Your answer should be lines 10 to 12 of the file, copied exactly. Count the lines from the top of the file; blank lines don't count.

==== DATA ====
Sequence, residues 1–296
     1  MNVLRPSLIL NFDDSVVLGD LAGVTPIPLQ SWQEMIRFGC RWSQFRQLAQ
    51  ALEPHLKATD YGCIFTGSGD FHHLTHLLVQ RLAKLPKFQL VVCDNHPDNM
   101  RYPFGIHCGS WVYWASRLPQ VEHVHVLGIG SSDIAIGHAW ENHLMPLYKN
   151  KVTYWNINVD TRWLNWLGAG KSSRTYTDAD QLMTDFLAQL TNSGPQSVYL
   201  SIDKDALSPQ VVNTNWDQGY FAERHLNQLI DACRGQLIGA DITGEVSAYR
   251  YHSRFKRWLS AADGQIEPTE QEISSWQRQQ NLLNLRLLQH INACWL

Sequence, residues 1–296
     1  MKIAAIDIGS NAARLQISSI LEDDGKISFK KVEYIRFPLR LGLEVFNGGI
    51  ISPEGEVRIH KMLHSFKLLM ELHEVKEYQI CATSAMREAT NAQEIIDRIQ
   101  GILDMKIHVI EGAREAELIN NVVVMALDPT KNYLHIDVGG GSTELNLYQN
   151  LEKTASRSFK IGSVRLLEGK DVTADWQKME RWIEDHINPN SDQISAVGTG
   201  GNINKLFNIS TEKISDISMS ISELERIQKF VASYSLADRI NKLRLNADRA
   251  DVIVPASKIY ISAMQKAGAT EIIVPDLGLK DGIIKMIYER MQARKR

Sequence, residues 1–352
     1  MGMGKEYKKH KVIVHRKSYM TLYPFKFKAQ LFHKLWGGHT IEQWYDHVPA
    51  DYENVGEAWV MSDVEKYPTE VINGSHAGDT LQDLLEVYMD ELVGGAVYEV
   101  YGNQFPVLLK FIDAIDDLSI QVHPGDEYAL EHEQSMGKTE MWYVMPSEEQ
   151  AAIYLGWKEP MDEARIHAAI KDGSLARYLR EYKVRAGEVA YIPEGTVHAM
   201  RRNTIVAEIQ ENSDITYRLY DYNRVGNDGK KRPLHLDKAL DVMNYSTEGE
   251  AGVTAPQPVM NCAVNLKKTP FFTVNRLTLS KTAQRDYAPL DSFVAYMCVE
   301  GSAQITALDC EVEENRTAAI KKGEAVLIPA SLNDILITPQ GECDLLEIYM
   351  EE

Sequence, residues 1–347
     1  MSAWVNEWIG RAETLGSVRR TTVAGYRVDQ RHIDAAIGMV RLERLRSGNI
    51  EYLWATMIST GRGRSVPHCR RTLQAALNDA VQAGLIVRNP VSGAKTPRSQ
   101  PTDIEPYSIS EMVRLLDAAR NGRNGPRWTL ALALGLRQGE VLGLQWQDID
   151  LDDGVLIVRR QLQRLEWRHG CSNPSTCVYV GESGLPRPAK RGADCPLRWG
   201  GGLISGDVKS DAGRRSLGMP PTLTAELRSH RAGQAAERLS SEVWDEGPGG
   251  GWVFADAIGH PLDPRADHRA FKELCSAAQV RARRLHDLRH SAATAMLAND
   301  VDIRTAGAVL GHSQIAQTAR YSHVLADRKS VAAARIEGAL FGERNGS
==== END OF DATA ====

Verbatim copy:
    51  ISPEGEVRIH KMLHSFKLLM ELHEVKEYQI CATSAMREAT NAQEIIDRIQ
   101  GILDMKIHVI EGAREAELIN NVVVMALDPT KNYLHIDVGG GSTELNLYQN
   151  LEKTASRSFK IGSVRLLEGK DVTADWQKME RWIEDHINPN SDQISAVGTG